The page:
‘3 & 4 Will. IV c. 73’ deserves so much more than wilful bewilderment from cocky white art critics with an obsolete worldview. It is the most inspiring show I have seen in London for years, linking, seeding and growing into all the physical and intellectual, desiring and imaginary dimensions of life post-2020.
Cameron Rowland has a distinctive way with titles of exhibitions, land and property, which he demonstrates with great impact in his current ICA exhibition. I caught it in February before the pandemic hit, and before George Floyd was lynched and British broadcasters responded to Black Lives Matter protests in London and Bristol by asking what they had to do with events five thousand miles away. And also before I read white, male art critics carping about the work not being legible enough for them, missing its fine detail, crystallised opacities and actual substantiveness but dismissing it as paperwork-about-paperwork anyway. This is the significantly over-entitled worldview that Rowland takes apart in an exhibition that already was – and will re-open as – the most exhilarating show of 2020 in London.
Rowland’s ‘3 & 4 Will. IV c. 73’ might have been designed as a final riposte to the ‘five thousand miles away’ sleight about slavery and its ongoing legacies. However, there is more than that at work in this exhibition of small but not minor objects, and expansively quasi-epistemological works that foreground judgement. ‘3 & 4 Will. IV c. 73’ generates a very particular eschatological arrest. While it delivers on the level of affect, it also addresses a further rhetorical question put by Saidiya Hartman when declaring herself ‘agnostic’ about one-way struggles over reparation.  The answer is that slavery, the transportation of at least twelve million people as chattel from west Africa across the Atlantic Ocean, was a Crime Against Humanity, as presently constituted and understood. I have written about Ariella Aisha Azoulay’s rigorous problematising of pseudo-humanitarian laws,  and this exhibition entangles itself with legal declarations that were loaded and abused. Yet Atlantic slavery was a crime on the largest conceivable scale, a crime that remains unprosecuted and for which only the perpetrators were compensated at ‘abolition’ in ways that continue to accrue benefits.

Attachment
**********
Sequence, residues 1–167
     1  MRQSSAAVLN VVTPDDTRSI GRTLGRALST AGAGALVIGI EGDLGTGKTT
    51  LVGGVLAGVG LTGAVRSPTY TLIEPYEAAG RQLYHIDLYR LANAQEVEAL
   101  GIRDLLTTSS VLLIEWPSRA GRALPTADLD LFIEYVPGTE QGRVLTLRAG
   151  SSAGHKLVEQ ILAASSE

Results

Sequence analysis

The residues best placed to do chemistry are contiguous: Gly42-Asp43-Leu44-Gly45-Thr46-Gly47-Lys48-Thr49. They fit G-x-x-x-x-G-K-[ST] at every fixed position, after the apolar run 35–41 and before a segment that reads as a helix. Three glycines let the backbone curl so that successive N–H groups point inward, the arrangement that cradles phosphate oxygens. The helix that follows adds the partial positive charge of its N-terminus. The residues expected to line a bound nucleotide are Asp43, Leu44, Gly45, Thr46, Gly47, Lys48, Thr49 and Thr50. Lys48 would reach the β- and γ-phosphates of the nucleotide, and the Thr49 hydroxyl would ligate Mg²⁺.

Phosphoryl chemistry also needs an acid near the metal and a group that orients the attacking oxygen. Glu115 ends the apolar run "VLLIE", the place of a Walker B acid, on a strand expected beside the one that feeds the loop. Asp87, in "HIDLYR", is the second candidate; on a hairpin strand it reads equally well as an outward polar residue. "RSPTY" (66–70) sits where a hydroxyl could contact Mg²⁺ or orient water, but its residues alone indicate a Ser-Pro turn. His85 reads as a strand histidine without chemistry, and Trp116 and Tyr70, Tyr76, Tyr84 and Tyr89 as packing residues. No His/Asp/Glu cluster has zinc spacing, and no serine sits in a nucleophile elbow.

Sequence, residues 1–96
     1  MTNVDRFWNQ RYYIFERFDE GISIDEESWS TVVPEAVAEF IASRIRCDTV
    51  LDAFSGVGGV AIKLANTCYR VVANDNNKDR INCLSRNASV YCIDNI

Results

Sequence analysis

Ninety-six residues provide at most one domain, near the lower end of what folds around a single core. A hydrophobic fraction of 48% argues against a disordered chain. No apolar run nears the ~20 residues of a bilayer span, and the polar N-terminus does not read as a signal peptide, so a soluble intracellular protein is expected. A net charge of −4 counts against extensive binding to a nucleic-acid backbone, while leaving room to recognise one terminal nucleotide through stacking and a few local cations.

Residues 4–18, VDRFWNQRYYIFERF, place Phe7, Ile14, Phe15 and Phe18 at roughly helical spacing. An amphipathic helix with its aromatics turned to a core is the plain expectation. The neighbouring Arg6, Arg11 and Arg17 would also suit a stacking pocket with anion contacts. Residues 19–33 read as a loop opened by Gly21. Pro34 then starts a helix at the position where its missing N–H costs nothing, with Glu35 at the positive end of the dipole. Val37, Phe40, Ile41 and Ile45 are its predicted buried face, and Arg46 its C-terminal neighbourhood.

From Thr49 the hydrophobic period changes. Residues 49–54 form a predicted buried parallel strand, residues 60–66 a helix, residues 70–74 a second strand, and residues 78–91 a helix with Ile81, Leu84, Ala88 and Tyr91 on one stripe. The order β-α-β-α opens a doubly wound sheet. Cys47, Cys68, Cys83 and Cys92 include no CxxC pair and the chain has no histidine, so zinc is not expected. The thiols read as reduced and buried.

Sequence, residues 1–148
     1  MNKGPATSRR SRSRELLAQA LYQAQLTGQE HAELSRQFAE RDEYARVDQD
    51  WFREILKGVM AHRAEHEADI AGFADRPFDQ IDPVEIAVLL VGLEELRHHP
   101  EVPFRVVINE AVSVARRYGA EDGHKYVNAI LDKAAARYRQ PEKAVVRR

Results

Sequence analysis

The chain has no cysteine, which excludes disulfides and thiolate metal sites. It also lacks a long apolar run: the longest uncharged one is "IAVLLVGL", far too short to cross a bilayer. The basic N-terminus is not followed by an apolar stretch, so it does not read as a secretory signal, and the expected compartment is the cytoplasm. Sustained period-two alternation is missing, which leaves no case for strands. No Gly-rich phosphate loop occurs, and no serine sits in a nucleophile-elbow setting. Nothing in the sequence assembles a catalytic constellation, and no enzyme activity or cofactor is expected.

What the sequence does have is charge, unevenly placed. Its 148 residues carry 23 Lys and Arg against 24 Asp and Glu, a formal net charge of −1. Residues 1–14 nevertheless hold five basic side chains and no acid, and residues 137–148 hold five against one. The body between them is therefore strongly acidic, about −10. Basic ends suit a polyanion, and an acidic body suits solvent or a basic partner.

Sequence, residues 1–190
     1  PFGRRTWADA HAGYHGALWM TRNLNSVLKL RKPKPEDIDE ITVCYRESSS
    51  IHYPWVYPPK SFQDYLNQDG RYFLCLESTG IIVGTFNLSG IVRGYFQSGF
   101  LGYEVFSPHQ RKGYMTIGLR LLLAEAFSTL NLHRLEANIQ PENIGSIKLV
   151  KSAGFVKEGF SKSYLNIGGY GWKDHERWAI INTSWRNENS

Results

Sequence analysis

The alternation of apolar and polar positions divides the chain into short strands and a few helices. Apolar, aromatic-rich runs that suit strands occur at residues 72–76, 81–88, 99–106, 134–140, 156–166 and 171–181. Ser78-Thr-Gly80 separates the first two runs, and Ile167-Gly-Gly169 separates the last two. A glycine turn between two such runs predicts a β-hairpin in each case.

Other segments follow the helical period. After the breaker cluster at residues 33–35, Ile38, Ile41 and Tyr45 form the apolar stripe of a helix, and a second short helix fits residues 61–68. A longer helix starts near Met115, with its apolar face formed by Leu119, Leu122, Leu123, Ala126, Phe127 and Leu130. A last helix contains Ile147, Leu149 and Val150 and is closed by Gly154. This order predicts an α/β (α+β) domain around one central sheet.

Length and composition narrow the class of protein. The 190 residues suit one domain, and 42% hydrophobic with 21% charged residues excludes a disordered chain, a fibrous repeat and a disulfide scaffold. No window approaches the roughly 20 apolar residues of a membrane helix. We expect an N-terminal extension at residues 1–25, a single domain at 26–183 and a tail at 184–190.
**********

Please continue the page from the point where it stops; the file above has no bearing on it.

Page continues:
Danh Vo, Photographs of Dr. Joseph M. Carrier 1962–1973, 2010 Installation view at the South London Gallery, 2019. Courtesy the artist. Photo: Nick Ash
London’s Urban Forest; an Art of the Ongoing
By Guy Mannes-Abbott 23 May 2020
It’s the third Urban Tree Festival in London and I’ve been asked to write about what it means to celebrate and make art from a tree or trees in the South London Gallery’s world [for* the SLG; thank you! LINK]. I take the latter territory to have been tagged by William Blake, long-term resident of Lambeth’s Hercules Road, between the dark satanic mills of endlessly churning capital at Blackfriars Bridge and trees on Peckham Rye which hosted the angels of his creative resilience.
What is a tree, though? It’s an ontological question I’d like to prune into handy shape so that we can attend to the intangible qualities which enliven and expand more recognisably concrete ones. The tree as a rooted object is a marvel, of course, but it is so much more than that on multiple ecological, political, and cultural registers; smells and ‘looks’, rhizomatic roots and crowns, as well as an embedded commons. London is now formally classified as a continuous urban forest, which adds another dimension to its ambient realms, remembrances of things past and unlikely future hopes.
My first association is with Danh Vo’s landmark survey exhibition at the SLG in September 2019, and the related show at Marian Goodman Gallery. Common to both was the timber from a plantation of Black Walnut trees gifted to Vo by Craig McNamara, son of Robert the gung-ho Defence Secretary during the Vietnam War. When Vo acquired some of the latter’s effects to work with, Craig made an approach which grew into one of Vo’s many miraculous friendships. Art critical responses to the work lingered on the woody odours in both galleries, and I remember a tangy encounter with a room dressed in walnut to display a collection of ambiguous photographs of Vietnamese men and boys.
Jack Persekian’s performance of Nablus Soap at the ICA, as part of the Mathaf’s Interference weekend, was brilliant.
The work takes off from a show he put on with Mona Hatoum back in the early days in Jerusalem. It recounts that earlyness, the basic space, cold and uninviting and the process of arriving at the piece –Present tense - by Mona H., its installation and the historical context of a disastrous willingness to compromise with Occupation in the form of ‘Oslo’. An apologetic Abu Amar is scratched-in which raised a big laugh and the whole piece is damn fine, not least as testament to Nablus.